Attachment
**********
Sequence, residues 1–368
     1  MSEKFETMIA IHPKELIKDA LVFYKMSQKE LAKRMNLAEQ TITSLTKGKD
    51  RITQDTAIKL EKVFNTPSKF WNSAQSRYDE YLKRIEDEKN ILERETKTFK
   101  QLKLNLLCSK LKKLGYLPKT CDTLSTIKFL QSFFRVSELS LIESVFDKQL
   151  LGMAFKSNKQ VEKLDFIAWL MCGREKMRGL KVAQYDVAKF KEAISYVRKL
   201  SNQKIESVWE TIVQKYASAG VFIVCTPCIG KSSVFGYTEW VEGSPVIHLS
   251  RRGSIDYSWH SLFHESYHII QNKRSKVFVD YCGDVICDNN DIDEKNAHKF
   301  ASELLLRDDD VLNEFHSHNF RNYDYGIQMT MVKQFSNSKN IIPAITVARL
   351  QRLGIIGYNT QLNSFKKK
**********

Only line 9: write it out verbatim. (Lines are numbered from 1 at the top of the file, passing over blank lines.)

   351  QRLGIIGYNT QLNSFKKK